For the past two years the East Atlanta Village Community Association’s Neighbor in Need program has been helping elderly or low-income residents with emergency home repairs at no cost to them.
Jeff Whitehouse, chairman of the Neighbor in Need Committee, said the repairs include fixing holes in a neighbor’s roof, replacing old pipes and water heaters and rewiring old electrical systems.
“A lot of the people we’ve helped, I’d say the majority of them, have lived in the community for over 30 years,” Whitehouse said.
Whitehouse said usually a neighbor of someone in need calls, or sends a letter or e-mail about an elderly person living in the neighborhood who needs home repair. In most cases, Whitehouse said they have little money and are living alone or have others to support. In some cases those in need may have been living for weeks without running water, air conditioning or working plumbing.
“A neighbor told us about a house on Oak Grove Road; the plumbing in her kitchen wasn’t working and she couldn’t use her kitchen sink,” Whitehouse said. “Recently we did a job on Monument Avenue. We took care of an 80-plus-year-old female living by herself who didn’t have hot water—we replaced her water heater and gave her a new roof.”
One of the reasons these houses have so many problems, Whitehouse said, aside from being old is that often residents can’t afford to hire a licensed contractor.
“With these particular people, due to their funds, they can’t exactly peel open the Yellow Pages and call somebody—they use a friend of a friend of a friend from down the street who probably doesn’t have a license and they do shoddy work. Sometimes these older people give them half their money up front and [go] walking off and they never get anything done,” Whitehouse said.
The program is funded by grants through such organizations as the National Association of Realtors. Local churches, residents and events such as the East Atlanta Beer Fest also donate money to the program. Last year, the program raised nearly $20,000. Additionally, members of the program host a poker tournament each year at the Midway Bar in East Atlanta Village and raise money by selling pumpkins at the East Atlanta Farmers Market each year.
“We get a lot more awareness out there by being at the farmers market because it’s a big social thing, so it’s good to get the word out that way,” Whitehouse said. “We’re trying to help as many people as possible. Sure there are a lot of houses that we could sink $40,000 into just to get it back into a habitable condition but we’re trying to help as many people as possible.”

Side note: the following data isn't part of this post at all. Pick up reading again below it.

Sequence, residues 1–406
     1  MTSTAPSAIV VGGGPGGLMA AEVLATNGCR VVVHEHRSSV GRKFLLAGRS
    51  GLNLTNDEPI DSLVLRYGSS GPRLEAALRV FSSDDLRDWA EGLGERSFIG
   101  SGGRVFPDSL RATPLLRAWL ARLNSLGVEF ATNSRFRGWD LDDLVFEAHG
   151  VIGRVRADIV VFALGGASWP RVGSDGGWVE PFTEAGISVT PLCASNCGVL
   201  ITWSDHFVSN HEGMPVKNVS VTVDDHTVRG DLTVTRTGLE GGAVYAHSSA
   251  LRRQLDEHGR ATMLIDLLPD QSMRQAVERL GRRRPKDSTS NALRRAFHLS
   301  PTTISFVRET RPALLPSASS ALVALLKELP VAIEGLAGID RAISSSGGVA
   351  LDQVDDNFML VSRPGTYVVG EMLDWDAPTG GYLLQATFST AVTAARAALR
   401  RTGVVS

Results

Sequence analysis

Each project the program undertakes has to first be approved by the East Atlanta Community Association. Whitehouse said many of times when contractors visit the house of a neighbor in need, they say, “You’d be better off just bringing this one down to the foundation.” However, he said that is not an option for the program or the homeowner.
“That’s why we call it ‘emergency home repairs,’ because we’re trying to do what we can to keep them in the home. We’re not like a home makeover. We want to make sure they have hot water, a roof that doesn’t leak, and safely repaired windows and doors,” Whitehouse said.
Currently, the Neighbor in Need program is working with several residents, including Gwen Jones, who recently lost her husband and daughter, and suffered a stroke. Whitehouse said so far the program has put approximately $7,500 into Jones’ home—it replaced a water heater and fixed her roof. Recently Jones learned her pipes have all corroded and she currently has no running water.
“We kind of try to set a limit as to how much we can put into any single house,” Whitehouse said. He said as of now the limit has been reached, so he and other committee members are trying to raise more money to repair Jones’ plumbing.
“We’ve got another project where we’re helping a guy who has actually moved out of his house because it was so bad and is now looking to move back in. We’re going to see what we can do but that house needs so much work it’s going to be difficult to get our arms around,” Whitehouse said.